Brains terrify me.
There’s a reason I prefer to research microbes. They’ve got a single cell (usually). They’re massively important to sustaining life on the planet, but they’re pretty simple to understand as organisms.
Trying to figure out a brain, on the other hand, seems to me like asking for trouble.
The human brain is made up of 86 billion neurons, plus billions of attendant cells. It uses 20 percent of our energy. It controls our physical movements, stores our memories, and processes our thoughts.
I held a human brain once — lifted it out of a skull in a human dissection. Cradling it carefully in both hands, I marveled that this three-pound organ once held the essence of the deceased person before me. It was a profound moment in my scientific education.
But if the significance of the adult human brain is awe-inspiring, the balletic dance of the developing brain is miraculous. It’s precisely choreographed by millennia of evolutionary optimization and directed by a series of developmental signals that somehow transform a ball of cells into a thinking, functioning human brain.
Brain development is a process we still know little about. Yet its complexity and delicacy suggest that it may be susceptible to a variety of derailments. So we instruct women who may become pregnant to chow down on folic acid supplements and warn expecting mothers to eschew alcohol. New parents are asked to stimulate their child’s neurological development with conversation, reading, and educational toys.
It’s safe to say that baby brains are important to us.
So why, then, do we let tens of thousands of chemicals go untested into the environment, when we know that at least some of them pose serious neurological threats?
That’s the question that at least some pediatricians are asking in the face of mounting evidence of the harmful side effects of some of these chemicals.
More than two years ago, Dr. David Bellinger of Harvard Medical School calculated that environmental toxins caused a loss of 40 million IQ points in a population of just 25.5 million American children. Since each IQ point is worth more than $17,000 in lifetime earnings, that figure equates to a total economic loss of almost $700 billion.
And Bellinger’s work analyzed the neurological damage produced by only three (methylmercury, lead, and organophosphate pesticides) of potentially thousands of toxic compounds.
Wait. Doesn’t everyone know about lead poisoning? And surely people keep children away from pesticides, right?
The answer to the first question is yes, mostly, but only after decades of accumulating evidence finally convinced the Centers for Disease Control to lower the advisable limit of lead concentration in children’s blood.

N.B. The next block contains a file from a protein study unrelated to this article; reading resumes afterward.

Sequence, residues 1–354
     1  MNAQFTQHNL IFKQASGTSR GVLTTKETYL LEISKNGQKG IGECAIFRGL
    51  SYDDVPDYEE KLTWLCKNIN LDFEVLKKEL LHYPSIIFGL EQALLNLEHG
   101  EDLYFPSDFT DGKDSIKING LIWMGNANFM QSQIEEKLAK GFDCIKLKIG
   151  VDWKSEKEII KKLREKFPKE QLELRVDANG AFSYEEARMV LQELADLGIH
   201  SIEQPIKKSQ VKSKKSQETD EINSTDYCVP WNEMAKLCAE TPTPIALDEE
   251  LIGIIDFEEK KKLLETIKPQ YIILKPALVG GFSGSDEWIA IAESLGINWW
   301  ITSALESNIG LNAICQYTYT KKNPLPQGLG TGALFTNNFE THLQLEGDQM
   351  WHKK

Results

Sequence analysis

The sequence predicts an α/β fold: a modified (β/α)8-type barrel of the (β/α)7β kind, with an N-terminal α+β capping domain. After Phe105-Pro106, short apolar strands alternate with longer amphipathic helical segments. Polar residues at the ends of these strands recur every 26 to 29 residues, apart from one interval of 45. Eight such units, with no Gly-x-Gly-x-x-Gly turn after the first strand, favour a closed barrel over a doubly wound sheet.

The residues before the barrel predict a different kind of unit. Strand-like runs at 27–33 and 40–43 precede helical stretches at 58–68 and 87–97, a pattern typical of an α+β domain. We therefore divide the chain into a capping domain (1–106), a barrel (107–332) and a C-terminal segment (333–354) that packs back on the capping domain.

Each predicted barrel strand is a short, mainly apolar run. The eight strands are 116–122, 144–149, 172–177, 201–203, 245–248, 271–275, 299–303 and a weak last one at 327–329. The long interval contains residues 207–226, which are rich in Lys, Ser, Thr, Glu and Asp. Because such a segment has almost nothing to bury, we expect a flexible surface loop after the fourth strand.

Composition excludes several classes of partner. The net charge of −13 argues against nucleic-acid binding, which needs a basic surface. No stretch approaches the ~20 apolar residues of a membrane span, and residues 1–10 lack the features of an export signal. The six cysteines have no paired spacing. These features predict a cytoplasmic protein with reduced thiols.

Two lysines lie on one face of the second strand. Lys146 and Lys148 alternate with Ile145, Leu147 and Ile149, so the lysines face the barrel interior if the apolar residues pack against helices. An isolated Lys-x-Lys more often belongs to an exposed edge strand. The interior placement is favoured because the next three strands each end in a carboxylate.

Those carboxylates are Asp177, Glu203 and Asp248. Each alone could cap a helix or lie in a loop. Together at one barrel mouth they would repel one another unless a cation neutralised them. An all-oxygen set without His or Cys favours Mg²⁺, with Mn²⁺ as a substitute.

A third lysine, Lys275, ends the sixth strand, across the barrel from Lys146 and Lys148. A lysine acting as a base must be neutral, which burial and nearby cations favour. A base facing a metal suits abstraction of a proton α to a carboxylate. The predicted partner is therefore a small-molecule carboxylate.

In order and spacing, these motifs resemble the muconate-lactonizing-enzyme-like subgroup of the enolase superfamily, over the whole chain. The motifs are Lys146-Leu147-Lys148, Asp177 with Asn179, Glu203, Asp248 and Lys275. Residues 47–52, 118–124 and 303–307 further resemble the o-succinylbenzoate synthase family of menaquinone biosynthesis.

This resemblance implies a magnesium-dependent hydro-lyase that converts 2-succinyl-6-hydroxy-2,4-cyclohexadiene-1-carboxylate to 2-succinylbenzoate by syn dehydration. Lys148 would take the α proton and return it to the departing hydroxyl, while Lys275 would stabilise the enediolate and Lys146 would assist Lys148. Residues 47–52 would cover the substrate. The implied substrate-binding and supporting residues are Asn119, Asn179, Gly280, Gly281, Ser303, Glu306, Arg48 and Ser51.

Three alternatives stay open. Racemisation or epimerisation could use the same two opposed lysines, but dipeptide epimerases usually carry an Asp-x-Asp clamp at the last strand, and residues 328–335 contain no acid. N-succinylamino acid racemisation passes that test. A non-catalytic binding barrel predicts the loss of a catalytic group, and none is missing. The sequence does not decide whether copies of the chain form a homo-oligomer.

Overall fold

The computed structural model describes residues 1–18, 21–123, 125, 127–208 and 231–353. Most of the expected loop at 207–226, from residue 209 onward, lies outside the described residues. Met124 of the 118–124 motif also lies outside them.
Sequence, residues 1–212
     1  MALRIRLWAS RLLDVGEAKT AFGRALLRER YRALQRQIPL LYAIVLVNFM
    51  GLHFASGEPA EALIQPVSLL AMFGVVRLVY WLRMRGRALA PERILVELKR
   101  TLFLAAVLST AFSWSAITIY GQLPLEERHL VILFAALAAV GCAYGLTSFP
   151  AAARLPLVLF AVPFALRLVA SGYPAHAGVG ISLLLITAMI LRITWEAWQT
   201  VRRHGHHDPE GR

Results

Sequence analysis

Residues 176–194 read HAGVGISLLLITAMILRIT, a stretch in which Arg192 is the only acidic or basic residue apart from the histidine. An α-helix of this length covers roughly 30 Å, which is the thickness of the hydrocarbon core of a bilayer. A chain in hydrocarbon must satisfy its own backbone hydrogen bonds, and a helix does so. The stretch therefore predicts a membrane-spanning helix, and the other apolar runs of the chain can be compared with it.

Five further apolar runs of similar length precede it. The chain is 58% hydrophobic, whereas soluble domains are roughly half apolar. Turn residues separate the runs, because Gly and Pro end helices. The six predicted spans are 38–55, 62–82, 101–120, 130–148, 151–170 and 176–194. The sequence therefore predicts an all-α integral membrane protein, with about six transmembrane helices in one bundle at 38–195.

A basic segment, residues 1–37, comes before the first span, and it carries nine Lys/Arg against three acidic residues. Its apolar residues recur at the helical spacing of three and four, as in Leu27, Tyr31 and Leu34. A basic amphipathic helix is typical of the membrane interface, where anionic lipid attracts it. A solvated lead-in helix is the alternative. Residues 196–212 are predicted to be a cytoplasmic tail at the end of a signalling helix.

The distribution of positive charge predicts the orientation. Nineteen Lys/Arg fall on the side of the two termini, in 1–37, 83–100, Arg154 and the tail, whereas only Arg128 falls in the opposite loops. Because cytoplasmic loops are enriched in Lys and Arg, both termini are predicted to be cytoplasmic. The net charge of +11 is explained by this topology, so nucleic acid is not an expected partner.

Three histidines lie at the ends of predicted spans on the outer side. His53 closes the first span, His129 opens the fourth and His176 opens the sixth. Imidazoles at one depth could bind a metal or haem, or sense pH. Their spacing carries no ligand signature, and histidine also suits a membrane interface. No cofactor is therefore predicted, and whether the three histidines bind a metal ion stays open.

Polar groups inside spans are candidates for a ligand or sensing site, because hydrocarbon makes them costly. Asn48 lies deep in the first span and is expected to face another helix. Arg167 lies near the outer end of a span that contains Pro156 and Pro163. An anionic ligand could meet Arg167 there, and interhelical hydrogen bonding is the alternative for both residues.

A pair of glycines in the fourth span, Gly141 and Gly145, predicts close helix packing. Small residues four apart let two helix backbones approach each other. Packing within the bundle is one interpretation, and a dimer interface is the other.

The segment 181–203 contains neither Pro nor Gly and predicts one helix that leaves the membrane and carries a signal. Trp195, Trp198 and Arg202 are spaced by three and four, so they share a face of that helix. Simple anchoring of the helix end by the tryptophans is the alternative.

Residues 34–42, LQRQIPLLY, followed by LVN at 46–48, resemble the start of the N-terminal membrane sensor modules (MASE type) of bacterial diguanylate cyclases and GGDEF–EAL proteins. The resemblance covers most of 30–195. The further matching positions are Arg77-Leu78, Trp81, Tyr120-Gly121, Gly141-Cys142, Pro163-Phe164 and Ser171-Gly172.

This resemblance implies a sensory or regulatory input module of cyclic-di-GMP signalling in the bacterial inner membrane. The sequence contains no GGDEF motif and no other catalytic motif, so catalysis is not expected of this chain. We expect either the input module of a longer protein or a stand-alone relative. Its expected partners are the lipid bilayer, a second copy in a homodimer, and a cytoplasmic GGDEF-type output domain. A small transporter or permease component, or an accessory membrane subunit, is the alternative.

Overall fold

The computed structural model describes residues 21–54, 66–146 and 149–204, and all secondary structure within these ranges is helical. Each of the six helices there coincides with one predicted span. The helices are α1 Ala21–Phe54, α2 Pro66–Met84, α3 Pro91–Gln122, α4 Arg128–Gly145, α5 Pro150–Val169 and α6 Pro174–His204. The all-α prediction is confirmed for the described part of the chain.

As far as organophosphate pesticides go, many of them are fat-soluble. This means that once they enter the human body, they tend to stay there, accumulating over time. And one of their favorite places to reside is in human breast tissue, from where they ultimately make their way into fat- and protein-rich mother’s milk, fed to suckling infants at some of their most vulnerable stages of brain development.
Should mothers stop breast-feeding?
Absolutely not, say healthcare providers. The benefits — to nutrition, to the immune system and beyond — vastly outweigh the costs. Yet it’s nonetheless disturbing to think that such an intimate and pure act is now irrefutably marked by the chemical signature of modern times.
Breast milk contains traces of hundreds of different chemicals that permeate our everyday life. If we are lucky, most will prove harmless. But an unlucky few, like lead, will eventually prove to be carcinogens or neurotoxins, and we will wish, as with lead, that we’d caught on earlier.
The way America’s chemical regulations are designed, it’s unlikely we’ll ever get ahead of the game. Though the Toxic Substances Control Act of 1976 requires that the Environmental Protection Agency review all chemicals imported to or manufactured in the United States, only five of the 80,000 compounds regulated under the Act have been banned. And 60,000 compounds were grandfathered in under the act, never to be reviewed at all.
Attempts to reform the act languish on Congressional backburners. The latest attempt is a year old, languishing in its efforts to reconcile industry lobbying with the public good.
But ultimately, the problem with regulation in hindsight is that the burden of proof falls on regulators after the chemicals have been introduced to our environment, where they may remain in our very bodies for decades. As long as we embrace the promise of modern chemistry — and, indeed, it has provided many miracles — we will continue to subject ourselves to its darker shadow, often long after the chemical brain drain has begun.
Holly welcomes reader feedback at hollyvm “at” stanford.edu.